The Hammond family has had an ongoing and open succession plan for three generations, an approach which has allowed the younger generation to develop and expand the business.
For as long as he can remember, Powys farmer Stuart Hammond says planning has been a core part of his farm life.
“Ever since I could walk I was being taken to meetings with the bank manager,” says Stuart.
The 35-year-old mixed farmer is the third generation of his family to farm near Llandrindod Wells, Powys, thanks to well managed and ongoing succession plans which began with his grandparents.
Stuart and his brother Eddie farm 364 hectares (900 acres) in partnership with their uncle Malcolm and their mum Sharon, who both own 50 per cent of the business. As well as arable land, they have 520 beef cattle and 580 sheep.
Quackers, a children’s play business, was started as a diversification in the 1990s and is managed by Sharon. This will be inherited by Stuart’s sisters, who work outside farming, while the farm will be inherited by Stuart and Eddie.
Their other uncle now farms separately with his share of the farm, having split off several years ago more independence.
Sadly, succession plans for Stuart and Eddie were accelerated by the early death of their father
Michael. Stuart is all the more keen to start conversations early with his own children, currently aged eight and six.
“It’s a complex thing, succession,” he says. “But sticking your head in the sand isn’t going to help. We’ve always talked about it and there have been difficult moments, but we’ve always come to an agreement.”
Succession planning should always involve the younger generation, says Stuart.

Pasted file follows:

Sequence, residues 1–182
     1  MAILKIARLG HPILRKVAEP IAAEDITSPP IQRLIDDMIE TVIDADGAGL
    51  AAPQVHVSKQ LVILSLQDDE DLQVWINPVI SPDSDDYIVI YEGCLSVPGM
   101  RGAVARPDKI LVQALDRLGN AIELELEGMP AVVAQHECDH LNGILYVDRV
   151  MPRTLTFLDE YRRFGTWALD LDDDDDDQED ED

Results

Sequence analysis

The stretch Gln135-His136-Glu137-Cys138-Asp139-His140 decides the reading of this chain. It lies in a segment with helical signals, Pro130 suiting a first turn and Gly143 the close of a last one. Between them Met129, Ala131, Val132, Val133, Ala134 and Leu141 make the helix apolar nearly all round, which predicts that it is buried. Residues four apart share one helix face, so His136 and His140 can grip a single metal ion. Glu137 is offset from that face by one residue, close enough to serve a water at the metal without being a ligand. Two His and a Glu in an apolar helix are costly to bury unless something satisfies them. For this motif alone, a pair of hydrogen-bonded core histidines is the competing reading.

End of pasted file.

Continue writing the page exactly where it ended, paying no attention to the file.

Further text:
“I’ve got a fair bit of drive and I want to push things forward. Succession has always been something in our family that has allowed the young to get on.”
Sometimes this means pushing though, so things can progress; the brothers started a poultry and energy business, although not everyone was convinced it would want.
“Dad was dead against the poultry business. He said to the solicitor he was a ‘conscientious objector’, but it’s always been my attitude that the younger generation has to drive forwards.”
Being taken to farm meetings with the bank manager or accountant from an early age really helped with his understanding of the farm and business, says Stuart. Not involving children in this way can limit them, he adds.
“When I was 16 at college I was in a farm business lecture and I remember a friend who had grown up on-farm but didn’t understand much of the lecture. He said his dad had sent him out of the room every time the bank manager came round. I was shocked.”
Not embracing the younger generation stifles innovation and the success of a business, believes Stuart.
Shape Your Farming Future is a series of informative and practical guides looking in-depth at issues pertinent to farmers when planning for the future.